I GO IN QUEST OF MY INHERITANCE
I made what change I could in my appearance; and blithe was I to look in the glass and find the beggarman a thing of the past, and David Balfour come to life again. And yet I was ashamed of the change too, and, above all, of the borrowed clothes. When I had done, Mr. Rankeillor caught me on the stair, made me his compliments, and had me again into the cabinet.
“Sit ye down, Mr. David,” said he, “and now that you are looking a little more like yourself, let me see if I can find you any news. You will be wondering, no doubt, about your father and your uncle? To be sure it is a singular tale; and the explanation is one that I blush to have to offer you. For,” says he, really with embarrassment, “the matter hinges on a love affair.”
“Truly,” said I, “I cannot very well join that notion with my uncle.”
“But your uncle, Mr. David, was not always old,” replied the lawyer, “and what may perhaps surprise you more, not always ugly. He had a fine, gallant air; people stood in their doors to look after him, as he went by upon a mettle horse. I have seen it with these eyes, and I ingenuously confess, not altogether without envy; for I was a plain lad myself and a plain man’s son; and in those days it was a case of Odi te, qui bellus es, Sabelle.”
“It sounds like a dream,” said I.
“Ay, ay,” said the lawyer, “that is how it is with youth and age. Nor was that all, but he had a spirit of his own that seemed to promise great things in the future. In 1715, what must he do but run away to join the rebels? It was your father that pursued him, found him in a ditch, and brought him back multum gementem; to the mirth of the whole country. However, majora canamus—the two lads fell in love, and that with the same lady. Mr. Ebenezer, who was the admired and the beloved, and the spoiled one, made, no doubt, mighty certain of the victory; and when he found he had deceived himself, screamed like a peacock. The whole country heard of it; now he lay sick at home, with his silly family standing round the bed in tears; now he rode from public-house to public-house, and shouted his sorrows into the lug of Tom, Dick, and Harry. Your father, Mr. David, was a kind gentleman; but he was weak, dolefully weak; took all this folly with a long countenance; and one day—by your leave!—resigned the lady. She was no such fool, however; it’s from her you must inherit your excellent good sense; and she refused to be bandied from one to another. Both got upon their knees to her; and the upshot of the matter for that while was that she showed both of them the door. That was in August; dear me! the same year I came from college. The scene must have been highly farcical.”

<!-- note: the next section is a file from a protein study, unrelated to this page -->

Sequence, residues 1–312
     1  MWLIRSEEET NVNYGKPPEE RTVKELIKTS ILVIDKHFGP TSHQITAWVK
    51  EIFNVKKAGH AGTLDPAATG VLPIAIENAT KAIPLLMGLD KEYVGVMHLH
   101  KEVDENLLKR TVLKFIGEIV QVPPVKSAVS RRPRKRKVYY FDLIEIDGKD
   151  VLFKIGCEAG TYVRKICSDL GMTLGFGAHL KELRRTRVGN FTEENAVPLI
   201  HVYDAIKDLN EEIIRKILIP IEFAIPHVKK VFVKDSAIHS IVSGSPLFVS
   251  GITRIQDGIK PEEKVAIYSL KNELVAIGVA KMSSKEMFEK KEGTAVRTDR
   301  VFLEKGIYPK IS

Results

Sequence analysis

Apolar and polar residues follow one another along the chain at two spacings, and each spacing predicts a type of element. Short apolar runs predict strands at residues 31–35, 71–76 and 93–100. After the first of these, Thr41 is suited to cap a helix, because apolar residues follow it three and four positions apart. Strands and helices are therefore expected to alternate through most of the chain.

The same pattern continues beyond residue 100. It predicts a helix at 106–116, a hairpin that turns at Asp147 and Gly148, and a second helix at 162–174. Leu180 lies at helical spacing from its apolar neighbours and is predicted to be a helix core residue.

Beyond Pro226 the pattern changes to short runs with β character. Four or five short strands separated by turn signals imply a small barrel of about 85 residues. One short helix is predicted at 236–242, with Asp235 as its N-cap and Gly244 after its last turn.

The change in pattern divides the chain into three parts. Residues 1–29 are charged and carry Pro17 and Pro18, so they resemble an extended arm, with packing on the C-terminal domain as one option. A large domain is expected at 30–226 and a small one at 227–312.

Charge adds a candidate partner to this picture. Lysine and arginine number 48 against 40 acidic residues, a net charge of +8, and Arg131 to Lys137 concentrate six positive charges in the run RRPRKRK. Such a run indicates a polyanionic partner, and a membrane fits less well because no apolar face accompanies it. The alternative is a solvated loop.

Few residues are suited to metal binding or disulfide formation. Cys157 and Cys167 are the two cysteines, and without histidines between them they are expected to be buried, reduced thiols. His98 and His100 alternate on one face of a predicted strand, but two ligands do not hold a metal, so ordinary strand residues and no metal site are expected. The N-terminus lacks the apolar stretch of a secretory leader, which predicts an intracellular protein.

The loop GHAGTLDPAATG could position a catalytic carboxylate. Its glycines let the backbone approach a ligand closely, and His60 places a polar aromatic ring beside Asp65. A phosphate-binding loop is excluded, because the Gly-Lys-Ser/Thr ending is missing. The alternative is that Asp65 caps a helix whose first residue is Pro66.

I thought myself it was a silly business, but I could not forget my father had a hand in it. “Surely, sir, it had some note of tragedy,” said I.